The End of Autism? CRISPR Can Edit Out Autism Traits, Scientists Say
Scientists have figured how to use a form of the powerful gene-editing tool CRISPR to erase genetic traits normally associated with autism. It is technology that could one day revolutionize the therapies that treat autism and improve the lives of thousands of people who suffer from the developmental disorder, the researchers say.
CRISPR has been a game changer in the biomedical research world because of the ease and precision with which it can be used to alter the genetic code. A team of scientists in Texas used it to edit out genes associated with autism traits in mice and observed clear results: The animals stopped digging obsessively, their erratic jumping around the cages slowed to a halt and they became more calm, according to the study published in the monthly journal Nature Biomedical Engineering.
This technology might be years away from being tested on humans, but the results are promising, lead author of the study neuroscientist Hye Young Lee told Newsweek.
“I really want to give hope for patients and families. We are working on it, and they should not lose hope,” Lee said.
Lee, an autism researcher at the University of Texas Health Science Center at San Antonio, used a very thin needle to inject CRISPR-Cas9 into the brain tissue of mice, targeting the striatum, a region in the brain known to mediate habit formation.
CRISPR-Cas9 is made of just a few ingredients. The RNA, a nucleic acid present in all living cells, is like a messenger, a guide that allows a specific site on the genome to be targeted. It is used along with a bacterial enzyme, called Cas9, which acts like molecular scissors, cutting the DNA at an exact point.
After the procedure, the mice recovered for up to three weeks before the scientists analyzed their behavior to find significant therapeutic results. They saw a 30 percent drop in compulsive digging, and a 70 reduction in jumping, both indicative of autistic behavior.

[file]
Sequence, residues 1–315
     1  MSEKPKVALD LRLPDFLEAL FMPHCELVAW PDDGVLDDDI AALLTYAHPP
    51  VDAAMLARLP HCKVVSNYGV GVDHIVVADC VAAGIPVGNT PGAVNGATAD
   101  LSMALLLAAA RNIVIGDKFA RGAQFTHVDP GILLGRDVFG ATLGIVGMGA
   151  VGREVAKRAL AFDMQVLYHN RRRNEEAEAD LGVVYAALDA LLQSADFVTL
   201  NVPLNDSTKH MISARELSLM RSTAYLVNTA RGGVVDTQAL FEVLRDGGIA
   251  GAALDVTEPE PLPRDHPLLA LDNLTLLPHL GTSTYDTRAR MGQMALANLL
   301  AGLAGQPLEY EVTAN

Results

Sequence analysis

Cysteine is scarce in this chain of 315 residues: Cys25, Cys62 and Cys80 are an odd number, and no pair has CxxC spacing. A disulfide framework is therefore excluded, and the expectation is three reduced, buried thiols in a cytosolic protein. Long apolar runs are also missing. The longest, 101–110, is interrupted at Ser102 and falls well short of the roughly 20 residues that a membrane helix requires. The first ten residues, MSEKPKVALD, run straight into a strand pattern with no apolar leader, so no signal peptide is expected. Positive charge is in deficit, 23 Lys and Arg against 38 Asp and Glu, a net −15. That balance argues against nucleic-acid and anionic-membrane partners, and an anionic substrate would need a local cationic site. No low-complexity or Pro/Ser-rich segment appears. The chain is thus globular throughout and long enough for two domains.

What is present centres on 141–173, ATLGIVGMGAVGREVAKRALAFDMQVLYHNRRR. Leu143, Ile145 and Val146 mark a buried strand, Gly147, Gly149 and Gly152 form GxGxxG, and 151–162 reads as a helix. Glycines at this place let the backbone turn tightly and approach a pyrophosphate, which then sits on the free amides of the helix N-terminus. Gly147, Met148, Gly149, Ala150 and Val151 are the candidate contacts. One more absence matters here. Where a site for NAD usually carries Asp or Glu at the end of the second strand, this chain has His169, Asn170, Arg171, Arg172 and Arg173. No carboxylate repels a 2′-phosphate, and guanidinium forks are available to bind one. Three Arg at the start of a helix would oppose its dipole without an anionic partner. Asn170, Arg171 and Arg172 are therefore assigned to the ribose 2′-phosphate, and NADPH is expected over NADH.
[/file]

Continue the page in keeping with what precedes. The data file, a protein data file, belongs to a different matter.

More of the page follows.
“You could knock out disease-causing genes and actually see fairly significant behavioral changes,” said bioengineer Niren Murthy, who also worked on the study. A University of California, Berkeley professor, Murthy invented the CRISPR-Gold technique that was administered to the mice.
Autism is a relatively common developmental disorder that leads to a range of problems with social interaction and communication. About one in 59 children suffer from the condition, according to estimates from the Centers for Disease Control and Prevention. There is not one type of autism but many variations, caused by combinations of genetic and environmental factors. It can leave people with difficulty speaking and up to one third of autism patients are completely nonverbal, according to Autism Speaks, an advocacy organization in the United States.
Autism patients also tend to engage in repetitive behavior, like rocking back and forth and flapping their arms. The study suggests that these behaviors could be remedied through gene editing. These results could also open the door for further research on how to alter genes related to the other autism traits, said Lee.
“I really want to give hope for patients and families. It is such a social burden on them, and having the patients in the family affects the whole family,” she said. “We want to help them.”
The next step is to start testing this gene-editing technique in larger animals, like rats and then monkeys. It could be many years before scientists can safely use this method on humans, but the results are promising.
“I am optimistic about the future,” said Lee.
Published at Wed, 27 Jun 2018 15:54:29 +0000